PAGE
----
Monday, February 21, 2011

Fantasy Forecast: First Base

For all the talk of 'The Year of the Pitcher" in 2010, one position remained largely unaffected by the improved hurling - First Base. Long the linchpin of a productive fantasy offense, first base has solidified itself as the deepest reservoir of offensive numbers in all of fantasy baseball, and it begins at the top of the list, with Albert Pujols.

Allow me to take a moment to opine on Pujols current contract status. As it stands now, the nine-time All-Star has broken off talks with the St. Louis Cardinals, the only team he has ever played for. He is going to play out his last season with them, for an economical $16 million dollars, and then reopen talks after the season. Let me just say here that the Cards would be silly to let him get out of town. I don't care if he wants $30 mil a season, you need to keep the three-time NL MVP, and face of your franchise, around until he retires. He will be worth every penny, both on the field, and because he gives so much of his salary back to the community.

Without further side-tracking, here is my list of the top-10 fantasy first basemen for 2011.

1. Albert Pujols - St. Louis Cardinals This man is in a class by himself. Let me rattle off some stats for you, in case you have been under a rock for the last 10 years: Pujols is the first player in history to hit at least 30 home runs in his first 10 seasons in the league. He has never had a batting average lower than .312, never gone deep less than 34 times in a season, never driven in less than 103 runs and never scored fewer than 99 runs himself. In short, his patchwork "worst" season would still make him among the most valuable fantasy baseball assets in any season. The guy even stole 14 bases last season! He does it all! Not bad for a former 13th round pick.
Look for business as usual for The Machine this season. .320/40/120 with 12 steals and 110 runs scored, to boot. If you have the first pick, TAKE HIM! or regret it the rest of the season.

2. Joey Votto - Cininnatti Reds I originally had Votto, the reigning NL MVP, third on my list, but with some off-the-field issues arising for my No. 2, Votto slides up a spot. He does not have the track record that Pujols has, but he is just as big of a threat to impact all five offensive fantasy categories.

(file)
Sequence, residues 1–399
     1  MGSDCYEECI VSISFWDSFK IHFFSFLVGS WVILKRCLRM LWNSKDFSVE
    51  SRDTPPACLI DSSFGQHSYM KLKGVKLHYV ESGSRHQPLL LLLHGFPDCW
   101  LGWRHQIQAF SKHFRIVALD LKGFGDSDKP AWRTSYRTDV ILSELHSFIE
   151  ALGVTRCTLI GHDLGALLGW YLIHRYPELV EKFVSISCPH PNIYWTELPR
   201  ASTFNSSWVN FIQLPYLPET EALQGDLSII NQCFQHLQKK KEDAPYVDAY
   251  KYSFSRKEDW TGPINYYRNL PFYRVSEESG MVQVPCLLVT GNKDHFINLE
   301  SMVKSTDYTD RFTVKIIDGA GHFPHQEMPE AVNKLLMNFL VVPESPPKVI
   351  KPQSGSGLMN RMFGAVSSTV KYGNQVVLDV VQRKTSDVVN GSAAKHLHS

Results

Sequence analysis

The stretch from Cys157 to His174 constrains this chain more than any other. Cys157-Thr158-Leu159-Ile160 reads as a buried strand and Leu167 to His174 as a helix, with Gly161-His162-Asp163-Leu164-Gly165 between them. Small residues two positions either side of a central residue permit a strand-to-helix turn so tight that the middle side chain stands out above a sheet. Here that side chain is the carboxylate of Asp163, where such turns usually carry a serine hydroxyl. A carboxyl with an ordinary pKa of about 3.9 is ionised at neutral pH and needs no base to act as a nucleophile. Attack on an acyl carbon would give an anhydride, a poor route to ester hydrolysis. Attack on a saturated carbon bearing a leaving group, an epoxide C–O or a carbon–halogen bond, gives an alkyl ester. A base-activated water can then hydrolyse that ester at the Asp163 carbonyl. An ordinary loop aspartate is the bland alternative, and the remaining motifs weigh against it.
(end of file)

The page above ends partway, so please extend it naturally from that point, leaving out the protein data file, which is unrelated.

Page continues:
A career .314 hitter, the 27 year-old just broke the 30 HR plateau for the first time last season. He has upped his walk totals in each season, and there is no reason to think that his skills should decline this year.
I expect Votto to top 35 HR and 110 RBI again, with a batting average around .320. He also picks great spots to swipe a bag here and there, and his double-digit steal potential sets him apart from the rest of the pack.

3. Miguel Cabrera - Detroit Tigers A DUI charge early Thursday morning (Feb. 17th) , coupled with a history of alcohol abuse dropped the Venezuelan out of my No. 2 ranking. Pending any sort of suspension from the league, he could tumble further.
Miggy has been as steady as they come in his eight-year stint in the majors thus far, cranking out 30+ HR season after 30+ HR season. He doesn't steal as often, or as successfully as he used to, and these off the field issues are a concern, but I still feel that he will produce if given the opportunity.
Provided he can climb out of the scotch bottle he fell into on Wednesday night, Cabrera should have no trouble turning in another 35 dingers, and 115 RBI with an average around his career .313. If you draft him, beware. His mind may not be focused on baseball, especially early in the season as this DUI situation plays out.

4. Adrian Gonzalez - Boston Red Sox A-Gonz has averaged 32 HR and 100 RBI over the last five seasons, all played in cavernous PetCO Park. With his move to the red stockings this season, Gonzalez gets his first chance to bat in the heart of a formidable lineup, and the implications are very promising.
Heath is not a major concern for the 28 year-old, who has played in no fewer than 156 games since becoming a full-time starter in 2006. So the real question becomes, what exactly will Gonzalez do with 575+ at bats in the Sox lineup? Coming off of a season where he hit 31 homers and added 101 RBI, I estimate that both of those numbers take a jump now that he will be routinely crushing balls over the Green Monster.